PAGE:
One of the mysteries of the English language finally explained.
1The technique of painting with thin, transparent watercolours (as distinct from gouache)‘a cover illustrated in aquarelle’
- ‘She left Palestine in 1913 to study agriculture at Toulouse University, but on her way there she stopped for some months in Italy to study aquarelle.’
- ‘He studied aquarelle in London and went to Italy on Scholarship.’
- ‘In order to be topical, the exhibited painters were given the option of working with water-based techniques (acrylic, aquarelle, tempera, etc.).’
- ‘She studied Graphic Art in Munich and during a three year-stay in California continued work-study in aquarelle, printing and ceramics.’
- ‘She dedicated several years looking for new techniques and studying aquarelle, which can have, for an artist, the same potential than the much more concrete oil technique.’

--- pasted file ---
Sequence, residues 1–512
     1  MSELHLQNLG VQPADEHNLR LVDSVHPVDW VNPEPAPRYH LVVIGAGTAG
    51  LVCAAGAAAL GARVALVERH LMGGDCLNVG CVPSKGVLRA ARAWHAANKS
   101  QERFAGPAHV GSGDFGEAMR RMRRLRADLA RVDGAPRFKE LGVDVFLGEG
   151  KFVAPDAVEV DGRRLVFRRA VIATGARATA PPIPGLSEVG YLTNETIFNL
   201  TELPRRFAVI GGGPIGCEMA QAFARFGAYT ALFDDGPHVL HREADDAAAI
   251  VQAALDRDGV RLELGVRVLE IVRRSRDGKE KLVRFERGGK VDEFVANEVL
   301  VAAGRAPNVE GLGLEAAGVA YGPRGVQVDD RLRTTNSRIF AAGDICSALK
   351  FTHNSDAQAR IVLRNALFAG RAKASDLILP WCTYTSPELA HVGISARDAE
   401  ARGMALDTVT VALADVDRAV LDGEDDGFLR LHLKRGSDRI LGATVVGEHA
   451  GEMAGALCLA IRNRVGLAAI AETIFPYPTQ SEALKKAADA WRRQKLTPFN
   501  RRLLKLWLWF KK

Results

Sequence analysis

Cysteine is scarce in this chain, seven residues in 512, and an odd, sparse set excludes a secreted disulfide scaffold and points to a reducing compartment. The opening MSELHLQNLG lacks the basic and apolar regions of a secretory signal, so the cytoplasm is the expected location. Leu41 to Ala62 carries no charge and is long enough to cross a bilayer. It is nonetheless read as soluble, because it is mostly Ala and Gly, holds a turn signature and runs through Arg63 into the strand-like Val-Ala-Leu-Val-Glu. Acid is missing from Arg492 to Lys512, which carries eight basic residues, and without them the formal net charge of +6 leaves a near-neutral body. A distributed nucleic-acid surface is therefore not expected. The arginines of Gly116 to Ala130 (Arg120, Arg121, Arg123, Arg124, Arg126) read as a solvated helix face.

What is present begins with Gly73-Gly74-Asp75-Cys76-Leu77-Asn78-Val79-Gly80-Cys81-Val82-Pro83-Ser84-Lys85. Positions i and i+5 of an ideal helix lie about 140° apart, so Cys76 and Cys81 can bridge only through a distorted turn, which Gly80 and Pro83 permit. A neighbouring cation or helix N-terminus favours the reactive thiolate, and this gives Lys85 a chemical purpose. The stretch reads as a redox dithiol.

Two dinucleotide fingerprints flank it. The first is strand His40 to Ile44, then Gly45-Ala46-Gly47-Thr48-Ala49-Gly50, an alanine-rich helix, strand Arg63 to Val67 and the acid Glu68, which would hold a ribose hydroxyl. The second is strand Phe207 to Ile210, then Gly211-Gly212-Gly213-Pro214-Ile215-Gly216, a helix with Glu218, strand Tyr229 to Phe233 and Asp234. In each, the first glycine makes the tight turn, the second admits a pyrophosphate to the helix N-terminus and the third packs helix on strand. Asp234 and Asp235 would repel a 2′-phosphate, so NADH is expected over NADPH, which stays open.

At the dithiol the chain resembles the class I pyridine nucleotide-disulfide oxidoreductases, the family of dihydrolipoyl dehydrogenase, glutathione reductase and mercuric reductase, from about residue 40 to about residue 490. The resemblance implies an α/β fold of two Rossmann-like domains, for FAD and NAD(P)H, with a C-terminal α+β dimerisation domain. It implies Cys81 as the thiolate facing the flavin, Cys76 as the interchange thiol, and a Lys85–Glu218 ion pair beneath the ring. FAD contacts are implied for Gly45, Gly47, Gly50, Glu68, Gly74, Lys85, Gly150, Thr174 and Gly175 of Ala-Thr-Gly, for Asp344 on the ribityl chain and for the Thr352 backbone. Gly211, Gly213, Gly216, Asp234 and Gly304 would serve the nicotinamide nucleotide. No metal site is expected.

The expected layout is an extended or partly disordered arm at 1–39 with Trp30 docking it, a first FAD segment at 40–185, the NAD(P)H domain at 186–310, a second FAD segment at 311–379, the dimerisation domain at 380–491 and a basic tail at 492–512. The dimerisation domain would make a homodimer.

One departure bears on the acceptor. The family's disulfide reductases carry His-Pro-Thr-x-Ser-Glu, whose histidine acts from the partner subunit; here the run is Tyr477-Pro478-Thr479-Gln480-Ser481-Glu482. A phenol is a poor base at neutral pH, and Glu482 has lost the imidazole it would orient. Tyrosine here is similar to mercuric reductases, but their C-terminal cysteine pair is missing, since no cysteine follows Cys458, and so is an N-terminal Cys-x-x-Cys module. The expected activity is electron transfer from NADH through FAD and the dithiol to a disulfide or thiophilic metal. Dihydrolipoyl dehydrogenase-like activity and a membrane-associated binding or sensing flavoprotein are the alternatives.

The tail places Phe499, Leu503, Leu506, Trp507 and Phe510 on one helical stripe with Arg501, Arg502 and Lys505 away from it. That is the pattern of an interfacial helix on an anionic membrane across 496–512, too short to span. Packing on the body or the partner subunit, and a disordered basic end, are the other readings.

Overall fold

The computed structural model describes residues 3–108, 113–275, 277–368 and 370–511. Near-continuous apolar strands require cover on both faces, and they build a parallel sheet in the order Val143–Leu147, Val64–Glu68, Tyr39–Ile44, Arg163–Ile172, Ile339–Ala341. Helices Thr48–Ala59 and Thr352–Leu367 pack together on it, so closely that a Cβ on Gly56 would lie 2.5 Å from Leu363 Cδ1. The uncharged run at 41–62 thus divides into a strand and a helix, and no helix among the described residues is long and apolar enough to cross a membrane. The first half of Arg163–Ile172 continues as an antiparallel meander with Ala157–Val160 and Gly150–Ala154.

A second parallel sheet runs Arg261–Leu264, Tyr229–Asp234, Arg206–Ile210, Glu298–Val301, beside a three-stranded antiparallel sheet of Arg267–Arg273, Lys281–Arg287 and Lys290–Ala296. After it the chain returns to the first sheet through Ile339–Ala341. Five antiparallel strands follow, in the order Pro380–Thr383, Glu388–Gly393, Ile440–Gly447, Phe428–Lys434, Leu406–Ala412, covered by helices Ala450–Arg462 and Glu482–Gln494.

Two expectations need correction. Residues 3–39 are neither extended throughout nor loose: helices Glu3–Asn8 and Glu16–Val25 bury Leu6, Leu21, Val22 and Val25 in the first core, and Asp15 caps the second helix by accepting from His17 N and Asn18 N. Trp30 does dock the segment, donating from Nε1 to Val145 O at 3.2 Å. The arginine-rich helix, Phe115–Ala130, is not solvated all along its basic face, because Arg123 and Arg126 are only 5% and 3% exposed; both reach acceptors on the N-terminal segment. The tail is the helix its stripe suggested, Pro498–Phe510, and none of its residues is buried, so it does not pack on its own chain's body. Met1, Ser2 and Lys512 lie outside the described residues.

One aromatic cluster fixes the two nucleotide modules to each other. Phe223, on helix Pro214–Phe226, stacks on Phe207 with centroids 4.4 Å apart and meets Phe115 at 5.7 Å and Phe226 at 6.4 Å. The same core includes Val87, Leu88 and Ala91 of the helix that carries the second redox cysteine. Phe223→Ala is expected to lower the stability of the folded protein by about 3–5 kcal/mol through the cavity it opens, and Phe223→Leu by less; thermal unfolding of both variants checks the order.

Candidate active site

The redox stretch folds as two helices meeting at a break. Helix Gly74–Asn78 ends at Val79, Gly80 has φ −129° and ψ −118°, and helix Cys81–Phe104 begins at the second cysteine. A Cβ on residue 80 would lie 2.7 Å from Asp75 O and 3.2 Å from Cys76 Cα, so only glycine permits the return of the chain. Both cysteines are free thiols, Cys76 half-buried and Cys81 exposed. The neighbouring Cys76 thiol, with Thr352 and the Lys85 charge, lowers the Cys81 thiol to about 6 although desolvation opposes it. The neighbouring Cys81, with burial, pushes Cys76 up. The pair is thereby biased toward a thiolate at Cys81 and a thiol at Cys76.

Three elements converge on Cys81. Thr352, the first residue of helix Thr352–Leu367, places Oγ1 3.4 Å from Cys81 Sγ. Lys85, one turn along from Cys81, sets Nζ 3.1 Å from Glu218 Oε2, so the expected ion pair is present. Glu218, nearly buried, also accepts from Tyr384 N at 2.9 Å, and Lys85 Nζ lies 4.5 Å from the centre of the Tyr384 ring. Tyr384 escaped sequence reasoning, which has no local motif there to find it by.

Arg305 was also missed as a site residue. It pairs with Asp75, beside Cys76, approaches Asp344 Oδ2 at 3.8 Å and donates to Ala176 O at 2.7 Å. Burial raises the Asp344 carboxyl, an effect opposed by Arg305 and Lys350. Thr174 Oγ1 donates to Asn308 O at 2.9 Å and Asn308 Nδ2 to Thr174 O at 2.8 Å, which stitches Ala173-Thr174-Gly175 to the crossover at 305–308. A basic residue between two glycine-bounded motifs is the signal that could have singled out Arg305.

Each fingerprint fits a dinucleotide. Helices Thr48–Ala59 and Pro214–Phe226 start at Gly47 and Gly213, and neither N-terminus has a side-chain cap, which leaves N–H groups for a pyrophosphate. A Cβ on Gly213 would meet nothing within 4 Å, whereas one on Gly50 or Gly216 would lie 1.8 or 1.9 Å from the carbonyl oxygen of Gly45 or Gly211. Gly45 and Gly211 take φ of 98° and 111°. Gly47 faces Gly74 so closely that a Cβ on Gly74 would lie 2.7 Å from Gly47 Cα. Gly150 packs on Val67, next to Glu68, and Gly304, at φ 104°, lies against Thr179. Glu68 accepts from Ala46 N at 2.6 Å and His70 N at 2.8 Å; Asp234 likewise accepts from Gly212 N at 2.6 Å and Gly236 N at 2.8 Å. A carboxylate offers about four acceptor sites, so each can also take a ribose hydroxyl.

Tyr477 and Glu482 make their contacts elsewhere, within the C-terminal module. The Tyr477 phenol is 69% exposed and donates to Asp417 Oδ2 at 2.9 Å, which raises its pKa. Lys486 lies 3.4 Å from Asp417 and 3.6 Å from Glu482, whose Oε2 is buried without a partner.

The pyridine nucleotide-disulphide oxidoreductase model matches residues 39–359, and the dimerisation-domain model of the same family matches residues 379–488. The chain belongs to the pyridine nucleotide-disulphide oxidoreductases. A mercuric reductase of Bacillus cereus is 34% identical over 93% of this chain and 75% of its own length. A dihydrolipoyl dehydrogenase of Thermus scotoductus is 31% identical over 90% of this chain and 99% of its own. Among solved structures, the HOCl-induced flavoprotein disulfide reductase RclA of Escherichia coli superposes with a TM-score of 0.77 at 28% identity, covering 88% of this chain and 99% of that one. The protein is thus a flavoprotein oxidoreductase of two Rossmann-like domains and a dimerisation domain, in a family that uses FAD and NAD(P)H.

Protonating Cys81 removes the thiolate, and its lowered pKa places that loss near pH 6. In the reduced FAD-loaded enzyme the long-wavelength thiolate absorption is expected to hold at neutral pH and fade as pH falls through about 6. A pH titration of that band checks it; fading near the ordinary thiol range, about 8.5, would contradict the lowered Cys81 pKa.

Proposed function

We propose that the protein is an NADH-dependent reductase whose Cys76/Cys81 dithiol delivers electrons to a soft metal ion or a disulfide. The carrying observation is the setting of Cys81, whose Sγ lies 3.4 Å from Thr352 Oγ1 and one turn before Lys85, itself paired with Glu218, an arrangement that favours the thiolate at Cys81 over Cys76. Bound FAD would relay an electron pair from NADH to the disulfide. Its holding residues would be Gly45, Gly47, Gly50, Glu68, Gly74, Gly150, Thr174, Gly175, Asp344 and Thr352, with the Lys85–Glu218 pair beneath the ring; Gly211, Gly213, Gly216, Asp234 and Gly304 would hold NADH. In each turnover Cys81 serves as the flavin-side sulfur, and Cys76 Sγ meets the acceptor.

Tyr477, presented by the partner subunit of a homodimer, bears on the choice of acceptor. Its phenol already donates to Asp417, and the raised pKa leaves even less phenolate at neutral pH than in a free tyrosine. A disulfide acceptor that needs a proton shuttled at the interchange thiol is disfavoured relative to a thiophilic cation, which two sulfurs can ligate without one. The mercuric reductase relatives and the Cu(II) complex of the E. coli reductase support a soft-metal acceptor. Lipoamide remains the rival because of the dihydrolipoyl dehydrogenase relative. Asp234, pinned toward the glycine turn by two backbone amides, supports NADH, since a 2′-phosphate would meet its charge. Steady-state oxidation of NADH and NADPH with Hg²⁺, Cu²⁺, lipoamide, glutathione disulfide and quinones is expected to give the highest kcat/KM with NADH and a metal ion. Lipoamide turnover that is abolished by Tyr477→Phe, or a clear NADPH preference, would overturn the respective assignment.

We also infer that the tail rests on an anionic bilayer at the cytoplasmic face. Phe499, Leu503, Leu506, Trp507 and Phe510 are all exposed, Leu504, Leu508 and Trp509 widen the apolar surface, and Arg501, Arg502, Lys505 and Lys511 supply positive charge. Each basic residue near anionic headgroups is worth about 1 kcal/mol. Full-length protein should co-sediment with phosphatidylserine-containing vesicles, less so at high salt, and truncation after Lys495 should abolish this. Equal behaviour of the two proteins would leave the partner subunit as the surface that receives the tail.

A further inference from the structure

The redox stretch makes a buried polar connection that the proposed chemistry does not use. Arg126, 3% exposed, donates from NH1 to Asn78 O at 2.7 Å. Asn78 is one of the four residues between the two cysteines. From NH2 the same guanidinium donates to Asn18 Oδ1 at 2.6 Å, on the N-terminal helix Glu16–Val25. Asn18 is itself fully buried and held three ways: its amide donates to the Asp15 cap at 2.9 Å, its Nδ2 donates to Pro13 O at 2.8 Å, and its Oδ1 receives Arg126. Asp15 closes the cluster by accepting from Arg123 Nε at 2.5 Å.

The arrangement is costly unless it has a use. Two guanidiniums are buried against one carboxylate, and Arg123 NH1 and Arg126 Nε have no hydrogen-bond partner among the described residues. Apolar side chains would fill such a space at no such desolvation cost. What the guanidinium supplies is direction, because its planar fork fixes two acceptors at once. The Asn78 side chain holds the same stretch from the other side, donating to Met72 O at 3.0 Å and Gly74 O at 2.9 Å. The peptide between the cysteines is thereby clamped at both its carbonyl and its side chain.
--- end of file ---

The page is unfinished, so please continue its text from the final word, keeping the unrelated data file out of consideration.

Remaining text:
- 1.1count noun A painting made using the technique of aquarelle.
- ‘A long month later he returned my description and aquarelle of ‘rossica Nabokov’ with only two words scribbled on the back of my letter; ‘bucovinensis Hormuzaki.’’
- ‘In her tiny showing, her rose paintings seem as wispy as the aquarelles of some cooing Edwardian maiden lady celebrating the beauties of copse and dell.’
- ‘It is indeed a masterpiece of delicate and polished orchestration and as he said, an aquarelle by a great landscape painter.’
- ‘Along with teaching he made graphics and painted aquarelles of small-town views and landscapes.’
- ‘Trembling in every limb, hot and cold by turns, we bid for and carried off the aquarelle.’
Mid 19th century: from French, from Italian acquarella ‘watercolour’, diminutive of acqua, from Latin aqua ‘water’.
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